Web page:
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Increase in solar panel recycling needed to avoid a future environmental hazard

9th March 2023

By: Schalk Burger

Creamer Media Senior Deputy Editor

     

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Solar photovoltaic (PV) panels could result in an environmental hazard in 30 years’ time, as only 10% of the most widely used panel types are recycled in the US, while this data is unknown in South Africa, Stellenbosch Business School Institute for Futures Research (IFR) research assistant Francois Pretorius says.

South Africa imported more than R2.2-billion worth of solar panels during the first half of 2022 and the pace of imports is set to increase dramatically as the country’s energy crisis mounts.

“The issue of recycling these panels has been overlooked. The panels contain toxic substances such as lead, cadmium and other harmful chemicals that are leached into the environment when disposed of in a non-controlled manner. The release of these chemicals, in turn, could drain into the groundwater sources, potentially contaminating drinking water. Further, solar waste is projected to increase by at least 4 000% over the coming decade.”

Solar panels have an average lifespan of about 20 to 30 years, owing to the solar panels' efficiency decreasing over time and, therefore, requiring replacement. Solar panel recycling is a relatively new concept, and South Africa’s need to recycle these panels is a significant long-term problem with recycling plants unequipped to deal with them, Pretorius notes.

“Buy-in and effective communication between all relevant stakeholders, including government, consumers and producers are of pivotal importance. With current projections anticipating an increase in the global solar panel recycling market value from $78-million in 2021 to $1.8-billion by 2031, the timely establishment of this network is both an environmental and economic imperative,” he emphasises.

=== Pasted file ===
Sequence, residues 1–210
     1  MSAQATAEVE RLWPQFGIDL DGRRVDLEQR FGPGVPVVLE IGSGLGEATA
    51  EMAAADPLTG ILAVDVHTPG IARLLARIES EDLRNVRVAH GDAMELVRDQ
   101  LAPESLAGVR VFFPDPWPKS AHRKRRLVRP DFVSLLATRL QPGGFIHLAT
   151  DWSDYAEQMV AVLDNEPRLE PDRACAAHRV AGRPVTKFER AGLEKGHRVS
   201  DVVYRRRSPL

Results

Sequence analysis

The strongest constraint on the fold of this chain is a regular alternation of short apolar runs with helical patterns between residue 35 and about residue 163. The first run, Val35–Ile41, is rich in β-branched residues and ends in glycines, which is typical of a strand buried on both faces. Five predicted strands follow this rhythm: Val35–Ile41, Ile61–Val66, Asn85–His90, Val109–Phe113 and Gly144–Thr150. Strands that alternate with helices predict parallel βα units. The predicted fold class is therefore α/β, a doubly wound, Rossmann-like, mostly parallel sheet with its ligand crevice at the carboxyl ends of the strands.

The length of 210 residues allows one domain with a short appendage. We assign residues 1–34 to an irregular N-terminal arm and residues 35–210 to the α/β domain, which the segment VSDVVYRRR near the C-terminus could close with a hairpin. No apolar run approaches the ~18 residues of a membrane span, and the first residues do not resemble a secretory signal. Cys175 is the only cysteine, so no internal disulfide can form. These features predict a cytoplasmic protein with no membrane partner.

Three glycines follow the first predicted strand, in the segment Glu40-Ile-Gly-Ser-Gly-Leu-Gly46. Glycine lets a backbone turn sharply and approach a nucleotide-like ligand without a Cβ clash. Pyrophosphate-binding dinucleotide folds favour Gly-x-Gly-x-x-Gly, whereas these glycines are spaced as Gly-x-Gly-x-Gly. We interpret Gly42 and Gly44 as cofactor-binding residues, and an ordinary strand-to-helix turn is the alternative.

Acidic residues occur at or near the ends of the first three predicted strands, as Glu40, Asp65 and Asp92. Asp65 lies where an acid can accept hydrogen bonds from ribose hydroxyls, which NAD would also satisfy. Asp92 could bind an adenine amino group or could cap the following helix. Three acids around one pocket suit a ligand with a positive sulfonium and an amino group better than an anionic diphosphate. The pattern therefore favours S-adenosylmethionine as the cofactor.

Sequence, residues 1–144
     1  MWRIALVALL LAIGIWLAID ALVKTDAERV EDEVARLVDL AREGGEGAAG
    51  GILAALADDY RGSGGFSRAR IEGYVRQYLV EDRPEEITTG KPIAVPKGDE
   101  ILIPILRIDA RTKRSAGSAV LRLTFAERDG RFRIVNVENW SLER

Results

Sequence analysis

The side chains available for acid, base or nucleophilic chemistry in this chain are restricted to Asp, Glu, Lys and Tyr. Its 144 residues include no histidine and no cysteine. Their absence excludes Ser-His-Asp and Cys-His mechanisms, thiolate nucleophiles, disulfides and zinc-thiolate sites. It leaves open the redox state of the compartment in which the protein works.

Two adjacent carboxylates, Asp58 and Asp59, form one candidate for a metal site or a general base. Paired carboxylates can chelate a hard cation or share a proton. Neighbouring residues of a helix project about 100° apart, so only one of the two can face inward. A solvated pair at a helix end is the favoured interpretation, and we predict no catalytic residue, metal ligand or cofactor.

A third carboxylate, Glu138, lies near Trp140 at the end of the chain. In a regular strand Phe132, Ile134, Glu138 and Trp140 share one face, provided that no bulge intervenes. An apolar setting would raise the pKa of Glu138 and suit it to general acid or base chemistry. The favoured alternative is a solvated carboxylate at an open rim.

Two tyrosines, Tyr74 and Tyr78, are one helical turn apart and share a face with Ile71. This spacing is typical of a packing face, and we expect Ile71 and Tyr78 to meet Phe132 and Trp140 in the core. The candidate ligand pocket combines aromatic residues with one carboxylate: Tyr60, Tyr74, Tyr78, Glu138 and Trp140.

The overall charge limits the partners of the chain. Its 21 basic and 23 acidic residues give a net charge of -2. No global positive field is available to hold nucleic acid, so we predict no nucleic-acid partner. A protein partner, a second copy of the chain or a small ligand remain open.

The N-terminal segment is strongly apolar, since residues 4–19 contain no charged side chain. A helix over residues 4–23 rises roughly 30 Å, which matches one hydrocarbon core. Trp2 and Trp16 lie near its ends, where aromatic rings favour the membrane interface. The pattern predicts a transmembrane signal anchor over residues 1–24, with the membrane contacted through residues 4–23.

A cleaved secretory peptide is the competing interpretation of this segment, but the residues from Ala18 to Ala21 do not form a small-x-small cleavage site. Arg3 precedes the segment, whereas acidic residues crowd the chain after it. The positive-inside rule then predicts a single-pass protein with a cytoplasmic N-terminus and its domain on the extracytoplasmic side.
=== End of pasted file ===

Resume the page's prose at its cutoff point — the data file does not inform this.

“It is also about time that South Africa manages to reap the potential rewards of its previous power-generating mistakes,” he avers.

Additionally, with the government’s newly announced tax incentive programme to assist businesses and individuals in transitioning to clean energy through solar panel usage, roofs covered in solar panels are, consequently, set to become as ubiquitous as electric fencing in most South African suburbs, he adds.

The low recycling rate is attributable to solar PV panels not generating the same types of waste as other easily recyclable products, Pretorius says.

“Most recycling plants are unequipped to deal with them. The recycling processes involved also generate large amounts of glass containing toxic dust in conjunction with the emission of other harmful gasses such as nitrogen oxide.

“The technology and materials employed in solar panel manufacturing are correspondingly constantly evolving, which leaves recyclers playing a constant game of catch-up,” he highlights.

The recycling process for solar panels is also energy intensive and, most importantly, the recycling process currently costs more than the potential value of the recycled end products, he emphasises.

It is uncertain whether amendments to the National Environmental Management Waste Act banning all waste electronic and electrical equipment from landfill and Extended Producer Responsibility regulations of 2021 will prove effective, as it necessitates the establishment of an entirely novel value chain that includes the collection, transportation, sifting, recycling and sale of recycled solar panel materials, he adds.

Meanwhile, the mainstream recycling processes for solar panels developed thus far allow for the recycling of the three main solar panel components, namely aluminium, glass and plastic, equating to more than 90% of a solar panel’s total composition.

“Veolia, which has Europe's first solar panel recycling plant, recently announced their ability to recycle more than 95% of solar panel materials effectively. This is a boon for the European circular economy, as the recovered materials are consequently sold off to various industrial sector players across the continent. However, the global recycling rate remains very low,” Pretorius notes.

Edited by Chanel de Bruyn
Creamer Media Senior Deputy Editor Online

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